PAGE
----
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Real Estate Law

Legal help for property transactions and valuations in McPherson, Kansas

Wise & Reber, L.C., represents clients in McPherson and the rest of central Kansas who require legal help with property or real estate law.

Our law firm has been in McPherson since 1886—we are well-connected and devoted members of the community who are here to stay.  Our longevity gives us great insight to property law issues in this area.

We offer real estate law help under the umbrella practice areas of our business law practice and in regard to estate planning services, too, but often help individuals, families, lenders, institutions, and businesses with personal and commercial lease or purchase-sale agreements. 

We are also admitted to practice in state and federal courts throughout Kansas and represent clients who require real estate litigation help, too. 

A Kansas real estate law primer

Contracts: As a rule, oral contracts to sell real property in the state of Kansas are unenforceable; therefore, if you do not have a written agreement, and either party attempts to back out, the contract probably will not be enforced. Additionally, going through the steps necessary to agree to a written contract is an easy way to avoid future disputes by getting all the issues on the table.

Title insurance: Title searches and insurance help you know what you are actually buying. People can only sell you what they actually own, so if a seller does not have good marketable title to a piece of real property, you may have a legal problem. The title search results can alert you to title problems before it is too late. If the title examiners miss a problem, the title insurance may help compensate you for the loss.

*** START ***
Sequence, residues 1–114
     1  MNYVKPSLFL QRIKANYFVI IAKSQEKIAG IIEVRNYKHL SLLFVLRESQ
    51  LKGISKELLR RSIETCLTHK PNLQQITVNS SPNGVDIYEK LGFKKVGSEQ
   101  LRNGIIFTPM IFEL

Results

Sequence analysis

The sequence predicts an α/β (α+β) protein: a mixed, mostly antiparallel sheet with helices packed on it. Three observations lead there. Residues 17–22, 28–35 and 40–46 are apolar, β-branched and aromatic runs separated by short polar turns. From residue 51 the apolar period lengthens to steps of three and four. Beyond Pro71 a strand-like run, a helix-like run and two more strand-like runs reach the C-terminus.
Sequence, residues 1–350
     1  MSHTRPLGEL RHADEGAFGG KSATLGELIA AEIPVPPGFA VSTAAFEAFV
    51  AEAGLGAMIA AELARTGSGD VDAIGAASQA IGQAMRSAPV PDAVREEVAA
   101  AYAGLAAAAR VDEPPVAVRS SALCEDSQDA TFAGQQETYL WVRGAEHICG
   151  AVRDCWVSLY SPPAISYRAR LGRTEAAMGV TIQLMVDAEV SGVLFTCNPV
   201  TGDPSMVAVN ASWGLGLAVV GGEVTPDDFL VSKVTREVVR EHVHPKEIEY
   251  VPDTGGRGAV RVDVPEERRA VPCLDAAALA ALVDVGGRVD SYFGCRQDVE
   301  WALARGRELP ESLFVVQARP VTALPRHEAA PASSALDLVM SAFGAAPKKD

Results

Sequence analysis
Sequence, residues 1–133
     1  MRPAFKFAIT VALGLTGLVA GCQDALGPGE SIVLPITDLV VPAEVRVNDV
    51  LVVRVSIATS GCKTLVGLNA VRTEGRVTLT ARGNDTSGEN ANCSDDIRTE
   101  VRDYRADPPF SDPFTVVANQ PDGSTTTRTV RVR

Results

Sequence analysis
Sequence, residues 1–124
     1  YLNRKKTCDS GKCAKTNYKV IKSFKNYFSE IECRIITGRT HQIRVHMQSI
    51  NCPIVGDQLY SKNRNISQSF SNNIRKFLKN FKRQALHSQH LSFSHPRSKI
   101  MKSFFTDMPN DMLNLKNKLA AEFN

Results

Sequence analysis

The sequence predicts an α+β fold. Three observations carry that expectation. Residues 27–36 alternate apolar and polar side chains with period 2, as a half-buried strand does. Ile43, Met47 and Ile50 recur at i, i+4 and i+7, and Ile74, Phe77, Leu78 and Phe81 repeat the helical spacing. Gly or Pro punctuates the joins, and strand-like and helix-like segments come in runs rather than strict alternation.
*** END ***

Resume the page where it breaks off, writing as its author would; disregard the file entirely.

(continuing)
Deeds: An unrecorded deed is enforceable between the parties, but does not give third parties legal notice of the deed. Therefore, if you buy a piece of property and do not record your deed, you will be vulnerable if your seller decides to sell the property to some third party, or the property is transferred by operation of law (for example, by the seller's bankruptcy or death). If another buyer records his or her deed before you record yours, the second buyer will generally own the property as between the two of you, even though you purchased the property first.

Property taxes: Real property is taxed on the basis of the county appraiser's yearly determination of the fair market value of the property. Kansas law requires property to be physically inspected and reassessed periodically. Once the appraised value is determined, the mill levy is applied against the "assessed value." You will not be able to tell whether your actual taxes will increase until you know both the assessed value of the property and the mill levy set by the county commissioners. In Kansas, agricultural ground is assessed under a separate formula not involving the fair market value.

Contact our offices to get representation in Kansas real estate law.

Call 1 620 241-0554 for McPherson real estate law.